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China Defends It’s Communist Policy on Tibet Ahead of the Dalai Lama 60th Anniversary in Exile

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NEPAL – Nearly Six decades after seizing power in Tibet, Beijing has praised its development efforts and slammed the Dalai Lama’s exile government. The US and others say China has overseen widespread rights abuses in the region.

Chinese officials countered criticism over human rights concerns in Tibet on Wednesday, praising the efforts to modernize the region

The comments follow a US report that says China “systematically impeded travel” to Tibet and comes ahead of the 60th anniversary of the Dalai Lama’s flight into exile.

China’s Defense of Tibet policy:

Beijing released a policy paper on Wednesday marking 60 years of what China calls “democratic reforms” in Tibet.
China claims to have “peacefully liberated” Tibet in 1950 and that the military intervention helped to end feudal practices there.

An official emphasized efforts to bring the region into the modern era, including improvements in healthcare, the economy and education.
They also denied there was significant support for Tibetan independence.

Dalai Lama’s ‘Bewitchment’s’

Deputy Tibet governor Norbu Dondrup criticized the Dalai Lama and his exiled government, saying that Tibetan society was “very cruel” before Communist Rule.

“The Dalai Lama attacking our human rights totally has ulterior motives. He tramples on human rights, and has no right, no qualifications, and is unworthy of talking about human rights,” he said.

“As for some countries slamming our human rights, they either don’t understand or believe the Dalai clique’s rumors and bewitchments,” Norbu Dondrup added.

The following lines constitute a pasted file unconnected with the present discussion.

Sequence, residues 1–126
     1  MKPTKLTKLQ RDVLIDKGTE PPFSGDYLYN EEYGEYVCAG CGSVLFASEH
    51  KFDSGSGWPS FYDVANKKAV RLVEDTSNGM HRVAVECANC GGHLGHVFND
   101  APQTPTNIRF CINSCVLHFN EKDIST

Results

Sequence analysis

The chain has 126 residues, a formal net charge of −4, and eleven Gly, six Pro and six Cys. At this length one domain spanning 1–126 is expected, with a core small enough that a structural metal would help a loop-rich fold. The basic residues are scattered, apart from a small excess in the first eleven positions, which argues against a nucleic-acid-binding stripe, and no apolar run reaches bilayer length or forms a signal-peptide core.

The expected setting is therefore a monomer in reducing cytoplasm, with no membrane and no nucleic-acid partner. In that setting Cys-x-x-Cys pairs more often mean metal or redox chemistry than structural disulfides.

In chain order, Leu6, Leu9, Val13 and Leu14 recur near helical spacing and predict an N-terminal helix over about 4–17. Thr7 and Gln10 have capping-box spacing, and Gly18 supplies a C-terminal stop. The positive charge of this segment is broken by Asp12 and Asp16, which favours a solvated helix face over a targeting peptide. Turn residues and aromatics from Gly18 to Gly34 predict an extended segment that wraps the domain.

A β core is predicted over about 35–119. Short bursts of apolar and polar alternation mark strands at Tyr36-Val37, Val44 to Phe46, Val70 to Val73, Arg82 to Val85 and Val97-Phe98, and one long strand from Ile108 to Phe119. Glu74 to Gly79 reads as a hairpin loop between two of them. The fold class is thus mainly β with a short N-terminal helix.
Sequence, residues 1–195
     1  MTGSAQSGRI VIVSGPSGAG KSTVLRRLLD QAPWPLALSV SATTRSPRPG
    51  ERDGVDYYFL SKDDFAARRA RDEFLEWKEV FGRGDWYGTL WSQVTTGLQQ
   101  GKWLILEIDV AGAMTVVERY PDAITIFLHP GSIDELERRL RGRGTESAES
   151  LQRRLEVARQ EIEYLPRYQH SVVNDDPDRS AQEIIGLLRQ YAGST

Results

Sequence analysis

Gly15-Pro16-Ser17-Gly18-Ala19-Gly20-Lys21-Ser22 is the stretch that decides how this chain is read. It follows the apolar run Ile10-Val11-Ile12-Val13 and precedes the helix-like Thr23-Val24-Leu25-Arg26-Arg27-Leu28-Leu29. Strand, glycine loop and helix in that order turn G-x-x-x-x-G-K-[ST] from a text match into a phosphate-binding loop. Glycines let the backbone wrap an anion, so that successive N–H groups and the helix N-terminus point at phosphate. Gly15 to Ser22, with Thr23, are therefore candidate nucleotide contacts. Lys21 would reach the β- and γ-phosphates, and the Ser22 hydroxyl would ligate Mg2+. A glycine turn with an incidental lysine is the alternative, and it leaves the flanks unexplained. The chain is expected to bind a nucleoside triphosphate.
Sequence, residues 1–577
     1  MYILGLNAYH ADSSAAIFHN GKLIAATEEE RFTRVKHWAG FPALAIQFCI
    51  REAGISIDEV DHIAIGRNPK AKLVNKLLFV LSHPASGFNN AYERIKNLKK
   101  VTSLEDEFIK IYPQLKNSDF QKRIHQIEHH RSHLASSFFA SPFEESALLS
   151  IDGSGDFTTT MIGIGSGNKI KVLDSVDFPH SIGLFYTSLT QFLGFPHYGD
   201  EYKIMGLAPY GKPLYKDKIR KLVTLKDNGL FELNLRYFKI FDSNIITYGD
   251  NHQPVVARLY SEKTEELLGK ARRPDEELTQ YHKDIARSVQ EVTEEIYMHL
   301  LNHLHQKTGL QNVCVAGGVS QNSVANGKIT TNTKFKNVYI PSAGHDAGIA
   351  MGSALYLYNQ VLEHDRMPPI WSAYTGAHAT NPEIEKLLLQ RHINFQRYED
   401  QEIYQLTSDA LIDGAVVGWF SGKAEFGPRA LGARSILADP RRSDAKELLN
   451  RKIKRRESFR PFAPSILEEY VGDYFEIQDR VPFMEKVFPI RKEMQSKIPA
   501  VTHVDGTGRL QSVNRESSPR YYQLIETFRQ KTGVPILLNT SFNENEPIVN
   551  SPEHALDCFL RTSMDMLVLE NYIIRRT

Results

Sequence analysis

A demonstrator holds a portrait of the Tibetan spiritual leader Dalai Lama, during a march of the Tibetan community in France in Paris on March 24, 2019 – Photo by Kenzo Tribouillard

60 Years in Exile

The Dalai Lama is 83-year-old the spiritual leader of Tibetan Buddhism, who Beijing views as a dangerous separatist. On March 31, 1959, he crossed the border into India following a failed uprising against Chinese rule in Tibet.

Concerns are growing over who will succeed the Dalai Lama when he dies. China has said the Communist Party must approve his reincarnation — and future ones. Last week, Dalai Lama told Reuters news agency that any successor named by China would not be respected and that his incarnation could be found in India.

US says China Blocked Travel

On Monday, the US State Department released a report that said the Chinese government “systematically impeded travel” to Tibet for US diplomats and officials as well as journalists and tourists in 2018.

The Tibet issue has become one of many points of contention between Washington and Beijing. In December, US President Donald Trump signed off on a law that denies entry into the US to Chinese officials that are deemed responsible for restricting travel to Tibet.

A Tireless Traveler

The Dalai Lama is a tireless traveler who maintains good relations with the international community. The spiritual leader does not have much power, but he uses his close ties to politicians, celebrities and leaders for the cause of Tibetan autonomy. But meeting with the Dalai Lama can be tricky for world leaders because of the likelihood of straining relations with China.

By Deutsche Welle, Reuters

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